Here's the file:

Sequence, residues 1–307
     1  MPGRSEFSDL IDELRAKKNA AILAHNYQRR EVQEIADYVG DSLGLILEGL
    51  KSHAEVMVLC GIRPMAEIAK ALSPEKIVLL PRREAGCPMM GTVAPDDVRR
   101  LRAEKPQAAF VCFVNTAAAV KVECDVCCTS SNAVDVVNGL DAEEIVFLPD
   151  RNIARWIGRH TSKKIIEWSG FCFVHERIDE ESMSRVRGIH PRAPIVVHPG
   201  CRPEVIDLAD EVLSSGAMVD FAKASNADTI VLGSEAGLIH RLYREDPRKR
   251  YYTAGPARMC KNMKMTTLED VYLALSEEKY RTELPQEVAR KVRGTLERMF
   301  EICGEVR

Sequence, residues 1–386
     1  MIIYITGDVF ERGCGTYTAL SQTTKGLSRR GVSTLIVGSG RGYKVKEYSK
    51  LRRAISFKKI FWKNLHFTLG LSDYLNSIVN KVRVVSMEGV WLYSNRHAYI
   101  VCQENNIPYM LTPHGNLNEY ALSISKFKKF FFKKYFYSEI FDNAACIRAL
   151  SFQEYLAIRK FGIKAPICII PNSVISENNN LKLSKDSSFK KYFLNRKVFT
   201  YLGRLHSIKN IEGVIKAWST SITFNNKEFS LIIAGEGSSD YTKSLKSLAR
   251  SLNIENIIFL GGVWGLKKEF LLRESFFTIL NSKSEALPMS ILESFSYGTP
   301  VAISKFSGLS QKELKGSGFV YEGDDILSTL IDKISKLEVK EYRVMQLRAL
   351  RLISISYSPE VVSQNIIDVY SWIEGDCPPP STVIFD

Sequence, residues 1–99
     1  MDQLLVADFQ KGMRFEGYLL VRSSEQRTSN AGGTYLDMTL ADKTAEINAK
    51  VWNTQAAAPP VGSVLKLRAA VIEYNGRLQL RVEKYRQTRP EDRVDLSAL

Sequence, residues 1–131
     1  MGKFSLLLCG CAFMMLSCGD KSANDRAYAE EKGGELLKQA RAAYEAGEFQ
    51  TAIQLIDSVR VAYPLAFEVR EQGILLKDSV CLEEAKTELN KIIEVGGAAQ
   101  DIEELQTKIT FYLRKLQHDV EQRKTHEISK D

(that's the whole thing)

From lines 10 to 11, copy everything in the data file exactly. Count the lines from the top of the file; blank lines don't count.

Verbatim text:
     1  MIIYITGDVF ERGCGTYTAL SQTTKGLSRR GVSTLIVGSG RGYKVKEYSK
    51  LRRAISFKKI FWKNLHFTLG LSDYLNSIVN KVRVVSMEGV WLYSNRHAYI